Peeking past the peak
What 5y5y swaps tell us about the terminal rate
Yield not thy neck To fortunes yoke, but let thy dauntless mind Still ride in triumph over all mischance. - Shakespeare, King Henry VI
The question that’s been going around is whether the Fed is behind the curve. I can’t answer that conclusively, but I can expand a tiny bit more of what we can look at to understand the answer to this question better, which is, what are the medium-term inflation expectations as priced by the markets.
The 10-year US Treasury yield curve estimates expected economic growth and inflation expectations, among other things. This curve can also be divided into two different time horizons. The short term can be derived at the 5 year yield and the longer term from the 5-year-5-year-forward which covers the second half of the bond’s 10-year maturity. The second half of the curve is useful because it can isolate transitory fluctuations in inflation, such as those driven by volatile food and energy prices. Hence, it is a good gauge of whether the markets’ longer-term inflation expectations are anchored.
One measure we can use is the 5y5y Overnight Index Swaps (OIS). It serves as a proxy for the terminal rate, and with a flattened curve it can also reflect the peak Fed rate. The 5y5y OIS also contains information about the inflation risk premium, which is the compensation investors require for the risks surrounding their central estimates of inflation over the forecast horizon. The uncertainty about inflation lately, has seen multiple repricing episodes by the markets.
If the markets believe that the Fed is behind the curve, the medium-term inflation expectations would be expected to rise, i.e. the 5y5y OIS would rise. For the past few years however, the 5y5y OIS average has been sticky despite the repricing that has been happening at the shorter-term maturity. In fact, post 2019 average has been lower than that for the period of 2015-2019.
Why have these rates remained low? It could be that investors thought the higher inflation is only temporary and would revert to its previous level. Then again, maybe they are expecting that a recession would follow soon after, or that the state of the economy might suddenly deteriorate, all of which then necessitate a Fed pivot. All of these scenarios would mean that the Fed would not tighten financial conditions overly much.
Be that as it may, the story does not end there. Around the beginning of this year, 5y5y OIS curve began climbing sharply upwards, to reach 2.6% as of 22nd April 2022. What could prompt this change after much stickiness before? Perhaps it’s because of the Ukraine-Russia war, or the Fed firming up its hiking intentions, or maybe investors are questioning whether some of the price changes from supply shocks have become embedded. Whatever conceivable reasons we could think of for this change, the fact remains the same - markets are revising their medium-term inflation expectations upwards.
Investors would demand more compensation for taking increased risk if they rethink the assumption that this inflation regime self-corrects to a lower level and anticipate the Fed having to tighten beyond what is projected. Consequently, the terminal, terminal rate could very well be higher than the current market pricing. This requires more repricing, but which might be realised gradually as the Fed hikes.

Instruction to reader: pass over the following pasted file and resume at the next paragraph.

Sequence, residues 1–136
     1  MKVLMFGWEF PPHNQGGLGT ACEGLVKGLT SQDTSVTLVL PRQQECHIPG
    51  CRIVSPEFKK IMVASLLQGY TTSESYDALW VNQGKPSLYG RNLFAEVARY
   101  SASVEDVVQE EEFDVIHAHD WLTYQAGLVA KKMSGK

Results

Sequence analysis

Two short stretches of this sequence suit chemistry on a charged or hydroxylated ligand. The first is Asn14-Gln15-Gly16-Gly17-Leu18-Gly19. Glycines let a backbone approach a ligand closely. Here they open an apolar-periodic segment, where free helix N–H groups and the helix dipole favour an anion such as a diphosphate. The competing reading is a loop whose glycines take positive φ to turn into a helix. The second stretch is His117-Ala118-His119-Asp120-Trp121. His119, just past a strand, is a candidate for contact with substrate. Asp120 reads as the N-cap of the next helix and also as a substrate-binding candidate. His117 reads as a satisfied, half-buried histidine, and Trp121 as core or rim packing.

The adjustments in the markets will not be smooth considering the many factors that affect inflation, plus, who knows what further curveballs may come our way. Investors however will gain increasing confidence and lower their demand for holding inflation risk if, as the policy rate approaches the terminal rate, the economy remains healthy and inflationary pressures subside. That is, investors no longer feel the need to protect themselves against so many inflationary scenarios.
The Fed has navigated through a once-in-a-century pandemic, crazy supply chain shocks, enthusiastic demand stemming from generous fiscal support, strong wages, and the tragic Ukraine-Russia war (did I miss anything?).
The medium-term inflation expectations receding steadily from their peak - whichever rate that ends up to be - means that the markets will ultimately be convinced that the Fed has safely anchored inflation expectations and at long, long last, is no longer behind the curve.
Many people think that quantitative tightening (QT) is the opposite of quantitative easing (QE). In fact, QT doesn’t accurately describe what the Fed is currently doing. When the Fed is doing QE, it can choose which part of the yield curve to target, and that will determine whether the curve steepens or flattens.
However, in this case, it’s the US Treasury that is going to decide once the Fed stops reinvesting. The Treasury will decide how to respond whether it will increase the supply at the front end or the back end. That determines whether the curve steepens or flattens, which is quite the opposite of when the decision is held by the Fed. Hence, from the perspective of the Fed itself, asset sales should be considered the opposite of QE.
Would the Fed start selling, for example, MBS to tighten financial conditions? The Fed prefers utilising the policy rates first before resorting to asset sales, but nowadays, anything is possible.
The terminal neutral rate is the estimated Fed Funds rate that would help the economy maintain full employment and capacity utilisation and yet retain stable inflation. It is the rate when the Fed will stop tightening.